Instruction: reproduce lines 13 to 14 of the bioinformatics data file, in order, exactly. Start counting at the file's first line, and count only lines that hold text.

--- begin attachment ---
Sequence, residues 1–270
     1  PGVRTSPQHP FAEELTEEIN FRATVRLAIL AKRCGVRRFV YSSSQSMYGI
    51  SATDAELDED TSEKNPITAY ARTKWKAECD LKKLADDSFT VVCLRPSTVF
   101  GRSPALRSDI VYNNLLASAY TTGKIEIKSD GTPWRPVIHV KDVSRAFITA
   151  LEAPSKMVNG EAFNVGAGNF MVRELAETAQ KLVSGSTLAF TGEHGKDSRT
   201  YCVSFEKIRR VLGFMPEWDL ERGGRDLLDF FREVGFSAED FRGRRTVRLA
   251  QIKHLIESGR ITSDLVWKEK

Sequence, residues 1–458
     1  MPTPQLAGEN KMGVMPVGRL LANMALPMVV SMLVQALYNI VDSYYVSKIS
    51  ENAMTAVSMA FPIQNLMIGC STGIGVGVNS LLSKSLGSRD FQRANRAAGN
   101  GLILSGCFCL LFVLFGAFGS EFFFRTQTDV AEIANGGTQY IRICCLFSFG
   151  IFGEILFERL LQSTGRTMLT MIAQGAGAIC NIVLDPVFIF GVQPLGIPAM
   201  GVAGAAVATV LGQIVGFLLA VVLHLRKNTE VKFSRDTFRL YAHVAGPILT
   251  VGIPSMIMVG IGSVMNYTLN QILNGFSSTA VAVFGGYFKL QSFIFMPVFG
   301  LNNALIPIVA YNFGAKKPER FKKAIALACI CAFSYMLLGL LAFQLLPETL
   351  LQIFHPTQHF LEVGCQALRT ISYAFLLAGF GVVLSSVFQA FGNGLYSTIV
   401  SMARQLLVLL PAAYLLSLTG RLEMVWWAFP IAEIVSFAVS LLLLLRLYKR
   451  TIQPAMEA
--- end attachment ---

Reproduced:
   201  GVAGAAVATV LGQIVGFLLA VVLHLRKNTE VKFSRDTFRL YAHVAGPILT
   251  VGIPSMIMVG IGSVMNYTLN QILNGFSSTA VAVFGGYFKL QSFIFMPVFG